Philippine troops are close to retaking the entire southern city of Marawi, with Islamic State-linked militants believed to be cornered within two neighborhood blocks, Defense Secretary Delfin Lorenzana said Friday.
He declined to give a definite timeline, saying that three previous deadlines he had set were not achieved. But, he said, troops were “doing their best” to liberate Marawi, the country’s only Muslim city, which has become a wasteland of pockmarked buildings and ruined homes amid a battle that has lasted almost four months.
“There’s only little resistance left. This is just one-half village wide. That’s why I’ve been told my ground commanders that the end is near,” Lorenzana told reporters. “Just a little more patience.”
He said that apart from the United States, Australia, Malaysia, Singapore and Indonesia, which have been helping with intelligence gathering and counter-terrorism operations, the European Union, China and Japan have also offered to assist in rehabilitating the once-scenic lakeside city.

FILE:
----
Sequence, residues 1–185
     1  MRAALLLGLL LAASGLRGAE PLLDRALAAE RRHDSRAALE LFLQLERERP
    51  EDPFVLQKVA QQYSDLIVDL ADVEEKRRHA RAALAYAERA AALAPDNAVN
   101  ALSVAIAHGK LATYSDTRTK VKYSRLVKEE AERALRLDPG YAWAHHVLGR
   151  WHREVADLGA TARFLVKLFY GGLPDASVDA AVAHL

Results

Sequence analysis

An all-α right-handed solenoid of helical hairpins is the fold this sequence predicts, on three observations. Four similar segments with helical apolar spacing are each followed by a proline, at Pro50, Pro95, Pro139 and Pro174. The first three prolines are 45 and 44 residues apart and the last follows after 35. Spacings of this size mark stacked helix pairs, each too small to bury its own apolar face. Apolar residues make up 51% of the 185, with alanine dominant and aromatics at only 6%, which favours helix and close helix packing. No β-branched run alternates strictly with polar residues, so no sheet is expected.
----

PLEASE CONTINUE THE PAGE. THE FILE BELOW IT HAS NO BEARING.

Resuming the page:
In all, Lorenzana said, about 50 billion pesos (about U.S. $1 billion) would be needed to rebuild and rehabilitate the city, whose more than 200,000 residents abandoned it when the fighting broke out on May 23.
The defense department’s war chest would be depleted by the end of the year, with most of the money already spent on funding the campaign to win back Marawi, Lorenzana said. This year’s Philippine defense budget exceeds 130 billion pesos (U.S. $2.6 billion).
If the fighting lasted till the end of 2017, the military would face budgetary constraints, he warned. “We’d need replenishment,” Lorenzana said.
Full story: BenarNews
Richel V. Umel, Jeoffrey Maitem and Mark Navales
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